How to Winterize Dusty Millers


Dusty Miller is the common name for several varieties of a herbaceous perennial with silver leaves. The plant is a tender perennial that is native to Mediterranean climates; it is drought tolerant and does well in full sun. In the United States, Dusty Miller is usually treated as an annual in zones 3 through 8, but can be overwintered in zones 5 through 8 with proper care. Dusty Miller does not overwinter well outdoors in areas of zone 10 that experience very wet winters; although not in danger from frost, the plant may die from root rot and should be brought indoors for the winter.

Things You'll Need

  • Mulch
  • Garden netting or evergreen boughs
  • Garden pots
  • Potting soil
  • Insecticidal soap

Overwinter Outdoors

  • Trim the Dusty Miller to about 4 inches in height. This can be done after the first frost, if you'd like to leave the plants until the annuals in the garden have died off.

  • Mulch the Dusty Miller with 6 to 8 inches of grass clippings, leaves, pine needles, peat mulch, and/or straw. Top with a layer of hay or straw, and secure the mulch with garden netting or evergreen boughs.

  • Remove the hay and mulch in the spring after the risk of frost has passed.

Overwinter Indoors

  • Trim the Dusty Miller to about 6 inches in height.

  • Dig up the plant, making sure not to damage the root ball.

  • Pot the plant in fresh potting soil. Use a pot about twice the diameter of the root ball.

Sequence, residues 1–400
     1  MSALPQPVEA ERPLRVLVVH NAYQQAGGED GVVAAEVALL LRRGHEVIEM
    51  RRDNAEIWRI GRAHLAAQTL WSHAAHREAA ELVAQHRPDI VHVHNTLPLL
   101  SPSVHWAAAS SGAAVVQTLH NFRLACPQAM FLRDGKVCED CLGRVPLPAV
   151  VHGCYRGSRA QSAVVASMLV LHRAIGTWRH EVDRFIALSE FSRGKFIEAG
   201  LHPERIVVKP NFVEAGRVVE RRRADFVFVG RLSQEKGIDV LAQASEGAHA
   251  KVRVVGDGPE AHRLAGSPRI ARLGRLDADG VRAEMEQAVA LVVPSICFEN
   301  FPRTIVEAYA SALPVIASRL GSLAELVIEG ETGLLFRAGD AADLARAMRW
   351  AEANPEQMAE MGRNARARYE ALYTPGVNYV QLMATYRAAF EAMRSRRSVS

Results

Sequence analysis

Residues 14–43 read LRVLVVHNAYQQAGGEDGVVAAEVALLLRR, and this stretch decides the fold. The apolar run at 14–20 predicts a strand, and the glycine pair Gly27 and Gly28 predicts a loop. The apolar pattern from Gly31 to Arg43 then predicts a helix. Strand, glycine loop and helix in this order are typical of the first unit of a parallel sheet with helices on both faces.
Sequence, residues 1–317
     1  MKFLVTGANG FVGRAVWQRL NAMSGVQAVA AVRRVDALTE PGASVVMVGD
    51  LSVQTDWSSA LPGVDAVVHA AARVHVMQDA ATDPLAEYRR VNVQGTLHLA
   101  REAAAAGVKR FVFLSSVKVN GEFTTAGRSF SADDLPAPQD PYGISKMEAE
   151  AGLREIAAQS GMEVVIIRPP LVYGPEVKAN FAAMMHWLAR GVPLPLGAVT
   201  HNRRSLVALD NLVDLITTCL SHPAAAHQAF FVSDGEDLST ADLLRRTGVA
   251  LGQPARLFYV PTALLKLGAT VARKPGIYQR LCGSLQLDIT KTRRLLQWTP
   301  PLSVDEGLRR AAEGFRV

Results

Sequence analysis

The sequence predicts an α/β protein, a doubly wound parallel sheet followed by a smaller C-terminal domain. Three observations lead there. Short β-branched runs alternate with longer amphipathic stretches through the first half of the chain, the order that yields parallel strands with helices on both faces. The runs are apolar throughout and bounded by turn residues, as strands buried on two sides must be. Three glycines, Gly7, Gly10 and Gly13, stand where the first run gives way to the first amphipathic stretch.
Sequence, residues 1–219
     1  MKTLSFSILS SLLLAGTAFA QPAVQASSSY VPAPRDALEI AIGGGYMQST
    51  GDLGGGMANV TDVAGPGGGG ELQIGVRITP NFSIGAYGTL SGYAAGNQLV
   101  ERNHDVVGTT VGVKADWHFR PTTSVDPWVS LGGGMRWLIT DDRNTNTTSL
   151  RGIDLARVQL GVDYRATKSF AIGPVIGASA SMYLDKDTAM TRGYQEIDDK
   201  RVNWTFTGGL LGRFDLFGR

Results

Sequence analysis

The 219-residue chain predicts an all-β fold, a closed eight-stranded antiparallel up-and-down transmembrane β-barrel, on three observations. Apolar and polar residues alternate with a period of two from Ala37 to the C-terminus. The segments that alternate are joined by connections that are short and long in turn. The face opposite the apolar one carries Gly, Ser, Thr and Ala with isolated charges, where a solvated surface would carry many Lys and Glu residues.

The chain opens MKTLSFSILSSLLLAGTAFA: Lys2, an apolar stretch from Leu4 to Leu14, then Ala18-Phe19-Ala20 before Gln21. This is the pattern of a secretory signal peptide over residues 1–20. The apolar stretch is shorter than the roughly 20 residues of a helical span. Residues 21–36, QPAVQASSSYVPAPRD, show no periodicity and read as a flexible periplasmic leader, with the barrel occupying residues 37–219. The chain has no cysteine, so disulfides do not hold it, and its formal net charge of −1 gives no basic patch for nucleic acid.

• Wash the leaves with an insecticidal soap, to prevent outdoor bugs hitchhiking a ride indoors where they can infest your houseplants.

  • Select a sunny location indoors for the pot.

  • Water the plant every week to 10 days during the winter. Do not over-water.

  • Move the pot outdoors for a few hours a day to re-acclimate the plant to the outdoors once the daytime temperature in the spring is above freezing. When the risk of nighttime frost has passed, you can replant the Dusty Miller in the garden.

Tips & Warnings

  • You can also take cuttings in the fall, to propagate additional plants for the spring.
  • Plants in a sheltered location have a better chance of surviving the winter.
  • Cut the plant back if it has become leggy over the winter.

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  • Photo Credit Medioimages/Photodisc/Valueline/Getty Images
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